John Woodhouse, Experts Panel chairman at the Institute of Asset Management and TWPL managing director, says raising standards is pushing up performance
There is growing international interest, debate and development in the more disciplined, value-maximised management of business assets over their life cycles. This is yielding surprises, some very big opportunities and an increasing consensus about what needs to be done.
Leading organisations are eliminating up to 30 per cent of the “total cost of ownership”, raising performance, reducing risks and extending asset lives considerably – and such opportunities do not seem to be limited to specific industries or asset types.
Improved standards in asset management should, therefore, be regarded as a business imperative – a competitive edge in a commercial environment, and a core feature of responsible governance and transparent good sense in the public sector.
However, there is still a lot of confusion about the subject: there are many different views on what comprises an asset and what asset management involves. Financial asset management, for example, is widely recognised as a juggling of capital-worth, yield, risk and sustainability in cash, stock and other investment options.
The management of industrial or infrastructure assets, in contrast, is seen by some in terms of portfolio acquisitions and disposals, and by others as a matter of engineering, technical and operational challenges. And there are significant groups for whom asset management means just the maintenance of equipment or the identification and location tracking of moveable items.
Assets are assets by virtue of their actual or potential value. Assets exist in many forms, such as people, equipment, reputation, data, contracts and cash, and they provide value in different ways, including financial returns, service levels and customer satisfaction over various time-frames.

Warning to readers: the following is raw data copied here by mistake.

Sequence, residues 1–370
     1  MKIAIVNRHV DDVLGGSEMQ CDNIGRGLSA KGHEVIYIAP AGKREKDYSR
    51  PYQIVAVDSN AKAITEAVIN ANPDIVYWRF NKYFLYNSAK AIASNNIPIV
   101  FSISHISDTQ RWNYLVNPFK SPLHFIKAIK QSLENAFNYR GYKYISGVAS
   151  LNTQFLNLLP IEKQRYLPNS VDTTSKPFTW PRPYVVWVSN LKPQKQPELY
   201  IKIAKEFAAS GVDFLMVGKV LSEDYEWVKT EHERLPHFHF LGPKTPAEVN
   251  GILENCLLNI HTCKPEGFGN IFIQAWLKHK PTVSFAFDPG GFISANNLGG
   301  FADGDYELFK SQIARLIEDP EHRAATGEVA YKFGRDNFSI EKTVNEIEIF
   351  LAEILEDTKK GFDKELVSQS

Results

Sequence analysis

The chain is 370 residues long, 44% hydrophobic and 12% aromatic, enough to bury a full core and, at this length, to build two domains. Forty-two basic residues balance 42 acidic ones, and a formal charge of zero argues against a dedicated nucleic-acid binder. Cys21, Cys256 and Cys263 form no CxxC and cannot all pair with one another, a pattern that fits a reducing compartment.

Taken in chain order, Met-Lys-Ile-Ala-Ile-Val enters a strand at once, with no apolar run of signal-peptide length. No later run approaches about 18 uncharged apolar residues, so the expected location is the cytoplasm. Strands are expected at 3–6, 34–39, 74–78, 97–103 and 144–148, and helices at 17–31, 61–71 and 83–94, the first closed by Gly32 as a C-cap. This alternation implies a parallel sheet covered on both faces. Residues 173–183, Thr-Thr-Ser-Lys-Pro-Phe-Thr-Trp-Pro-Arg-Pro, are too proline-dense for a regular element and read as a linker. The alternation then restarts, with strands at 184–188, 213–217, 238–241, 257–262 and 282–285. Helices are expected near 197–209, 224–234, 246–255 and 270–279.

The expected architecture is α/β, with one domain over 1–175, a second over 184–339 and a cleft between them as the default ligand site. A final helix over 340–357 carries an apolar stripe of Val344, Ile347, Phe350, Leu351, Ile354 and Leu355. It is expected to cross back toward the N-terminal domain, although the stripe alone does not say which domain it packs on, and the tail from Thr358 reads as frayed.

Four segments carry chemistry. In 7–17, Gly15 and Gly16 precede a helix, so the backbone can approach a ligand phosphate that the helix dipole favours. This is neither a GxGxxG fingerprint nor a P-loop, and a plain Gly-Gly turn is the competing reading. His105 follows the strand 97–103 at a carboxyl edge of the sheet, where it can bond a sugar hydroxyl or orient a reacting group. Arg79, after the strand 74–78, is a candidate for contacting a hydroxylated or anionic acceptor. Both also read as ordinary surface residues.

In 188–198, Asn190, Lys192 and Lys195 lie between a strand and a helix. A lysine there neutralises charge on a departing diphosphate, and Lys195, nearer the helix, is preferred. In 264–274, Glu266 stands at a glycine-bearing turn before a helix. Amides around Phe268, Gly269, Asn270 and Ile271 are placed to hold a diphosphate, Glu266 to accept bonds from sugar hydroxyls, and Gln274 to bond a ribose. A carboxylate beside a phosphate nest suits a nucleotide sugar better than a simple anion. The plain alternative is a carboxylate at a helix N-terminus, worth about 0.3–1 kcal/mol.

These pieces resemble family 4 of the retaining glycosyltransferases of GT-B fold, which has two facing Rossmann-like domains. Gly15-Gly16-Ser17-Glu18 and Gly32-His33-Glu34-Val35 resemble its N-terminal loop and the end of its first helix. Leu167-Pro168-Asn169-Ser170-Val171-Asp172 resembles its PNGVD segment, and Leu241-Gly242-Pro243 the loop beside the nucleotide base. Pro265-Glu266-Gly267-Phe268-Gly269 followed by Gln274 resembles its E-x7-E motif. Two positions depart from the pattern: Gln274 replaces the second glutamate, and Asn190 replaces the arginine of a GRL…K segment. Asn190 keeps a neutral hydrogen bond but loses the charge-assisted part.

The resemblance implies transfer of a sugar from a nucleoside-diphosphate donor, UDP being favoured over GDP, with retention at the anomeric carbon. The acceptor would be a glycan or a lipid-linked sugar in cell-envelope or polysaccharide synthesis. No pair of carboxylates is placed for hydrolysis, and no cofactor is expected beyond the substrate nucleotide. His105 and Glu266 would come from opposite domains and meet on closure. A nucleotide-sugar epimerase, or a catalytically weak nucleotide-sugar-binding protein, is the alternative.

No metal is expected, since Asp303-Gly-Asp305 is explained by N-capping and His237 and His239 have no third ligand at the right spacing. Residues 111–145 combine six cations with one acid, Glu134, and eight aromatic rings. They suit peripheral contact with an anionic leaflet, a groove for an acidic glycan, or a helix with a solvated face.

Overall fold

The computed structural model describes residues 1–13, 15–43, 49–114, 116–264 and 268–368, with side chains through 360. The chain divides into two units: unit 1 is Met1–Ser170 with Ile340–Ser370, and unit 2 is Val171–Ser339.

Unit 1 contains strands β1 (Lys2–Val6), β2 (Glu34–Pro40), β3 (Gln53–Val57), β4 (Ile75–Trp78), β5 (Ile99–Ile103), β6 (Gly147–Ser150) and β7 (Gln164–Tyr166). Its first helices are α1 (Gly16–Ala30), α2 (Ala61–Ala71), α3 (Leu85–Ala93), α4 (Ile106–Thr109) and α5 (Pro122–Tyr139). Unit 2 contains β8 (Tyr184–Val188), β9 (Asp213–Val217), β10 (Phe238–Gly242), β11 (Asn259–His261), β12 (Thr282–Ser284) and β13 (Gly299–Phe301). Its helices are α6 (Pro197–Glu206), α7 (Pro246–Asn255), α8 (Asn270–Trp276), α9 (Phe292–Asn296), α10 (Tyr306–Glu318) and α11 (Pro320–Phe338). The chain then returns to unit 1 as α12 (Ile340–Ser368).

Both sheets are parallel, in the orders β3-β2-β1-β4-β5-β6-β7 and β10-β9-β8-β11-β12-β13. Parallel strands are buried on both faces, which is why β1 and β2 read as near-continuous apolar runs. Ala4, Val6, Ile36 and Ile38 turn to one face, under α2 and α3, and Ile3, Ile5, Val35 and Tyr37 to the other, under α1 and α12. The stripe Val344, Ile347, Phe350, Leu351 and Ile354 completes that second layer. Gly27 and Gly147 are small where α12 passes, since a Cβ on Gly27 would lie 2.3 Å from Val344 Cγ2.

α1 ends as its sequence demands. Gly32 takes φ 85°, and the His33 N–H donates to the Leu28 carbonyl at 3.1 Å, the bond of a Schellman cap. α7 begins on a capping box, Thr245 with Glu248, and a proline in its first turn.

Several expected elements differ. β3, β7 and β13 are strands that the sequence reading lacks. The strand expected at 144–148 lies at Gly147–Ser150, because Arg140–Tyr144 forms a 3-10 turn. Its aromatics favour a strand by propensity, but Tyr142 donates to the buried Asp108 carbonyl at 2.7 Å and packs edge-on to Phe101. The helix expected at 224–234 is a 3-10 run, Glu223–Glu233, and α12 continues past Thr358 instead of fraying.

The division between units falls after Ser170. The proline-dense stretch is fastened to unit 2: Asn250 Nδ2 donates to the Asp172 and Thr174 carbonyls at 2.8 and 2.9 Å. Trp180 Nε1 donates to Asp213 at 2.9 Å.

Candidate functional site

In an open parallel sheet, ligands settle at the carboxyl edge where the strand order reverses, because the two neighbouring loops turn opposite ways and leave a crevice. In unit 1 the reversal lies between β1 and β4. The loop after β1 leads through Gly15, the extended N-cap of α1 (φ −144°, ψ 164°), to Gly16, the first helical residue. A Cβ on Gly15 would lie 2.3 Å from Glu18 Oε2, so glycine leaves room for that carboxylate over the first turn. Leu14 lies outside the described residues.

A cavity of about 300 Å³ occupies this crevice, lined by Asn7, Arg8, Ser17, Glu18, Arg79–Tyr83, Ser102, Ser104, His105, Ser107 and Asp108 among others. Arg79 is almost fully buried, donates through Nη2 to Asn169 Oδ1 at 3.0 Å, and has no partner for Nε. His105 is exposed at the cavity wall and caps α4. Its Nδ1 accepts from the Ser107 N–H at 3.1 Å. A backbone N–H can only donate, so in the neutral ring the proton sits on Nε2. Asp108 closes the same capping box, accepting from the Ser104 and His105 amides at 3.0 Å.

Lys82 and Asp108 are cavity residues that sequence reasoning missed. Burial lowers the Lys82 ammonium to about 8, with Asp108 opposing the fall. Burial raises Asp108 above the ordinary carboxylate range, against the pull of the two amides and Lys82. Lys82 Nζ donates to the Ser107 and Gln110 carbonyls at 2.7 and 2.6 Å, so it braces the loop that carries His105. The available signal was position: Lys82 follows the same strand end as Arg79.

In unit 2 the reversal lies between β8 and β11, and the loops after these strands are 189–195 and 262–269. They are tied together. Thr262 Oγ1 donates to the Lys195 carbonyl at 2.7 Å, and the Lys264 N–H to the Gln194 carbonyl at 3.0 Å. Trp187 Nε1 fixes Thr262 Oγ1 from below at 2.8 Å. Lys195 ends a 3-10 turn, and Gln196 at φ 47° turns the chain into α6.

Also assets are often highly interconnected; their value may be realised through their combined performance within complex systems, such as electricity networks, manufacturing processes or transport systems. What’s more, they present different decision-making challenges and requirements for investment, utilisation, maintenance and renewal or disposal during the different phases of their life cycles.
The hard evidence of results is greater than many would have believed possible
Seeking the optimal mix of value-for-money from individual assets, while optimising systems performance and maximising whole portfolio value, is thus a complex business.
In addition to this complexity, asset management has to consider the dynamic nature of stakeholder expectations, asset risks (their performance, reliability and degradation), the volatile economic environment, uncertain supply chains, climate change and workforce competency or demographic concerns. So this is why the development of guidance and standards during the last 15 years has been useful in sorting out what needs to be done.
Aside from the long-established financial services community, the disciplined, risk-based and whole life cycle-optimised approach to asset management has emerged from two primary sources: the North Sea oil and gas sector in the 1990s, and the public services sector in Australia and New Zealand during the same period.